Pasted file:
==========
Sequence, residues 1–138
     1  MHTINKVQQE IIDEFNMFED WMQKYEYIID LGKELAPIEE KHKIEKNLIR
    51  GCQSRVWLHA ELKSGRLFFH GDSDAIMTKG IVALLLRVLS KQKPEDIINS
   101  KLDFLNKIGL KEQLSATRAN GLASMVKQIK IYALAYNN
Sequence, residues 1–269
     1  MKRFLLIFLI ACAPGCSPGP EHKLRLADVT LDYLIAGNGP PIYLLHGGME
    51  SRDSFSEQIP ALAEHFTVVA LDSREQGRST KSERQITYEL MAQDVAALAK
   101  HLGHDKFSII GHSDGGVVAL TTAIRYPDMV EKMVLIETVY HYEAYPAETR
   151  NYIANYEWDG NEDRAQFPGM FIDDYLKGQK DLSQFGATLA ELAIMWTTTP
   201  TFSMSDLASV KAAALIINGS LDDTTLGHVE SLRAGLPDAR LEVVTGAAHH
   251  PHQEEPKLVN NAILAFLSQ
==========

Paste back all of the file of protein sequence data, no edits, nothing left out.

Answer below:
Sequence, residues 1–138
     1  MHTINKVQQE IIDEFNMFED WMQKYEYIID LGKELAPIEE KHKIEKNLIR
    51  GCQSRVWLHA ELKSGRLFFH GDSDAIMTKG IVALLLRVLS KQKPEDIINS
   101  KLDFLNKIGL KEQLSATRAN GLASMVKQIK IYALAYNN
Sequence, residues 1–269
     1  MKRFLLIFLI ACAPGCSPGP EHKLRLADVT LDYLIAGNGP PIYLLHGGME
    51  SRDSFSEQIP ALAEHFTVVA LDSREQGRST KSERQITYEL MAQDVAALAK
   101  HLGHDKFSII GHSDGGVVAL TTAIRYPDMV EKMVLIETVY HYEAYPAETR
   151  NYIANYEWDG NEDRAQFPGM FIDDYLKGQK DLSQFGATLA ELAIMWTTTP
   201  TFSMSDLASV KAAALIINGS LDDTTLGHVE SLRAGLPDAR LEVVTGAAHH
   251  PHQEEPKLVN NAILAFLSQ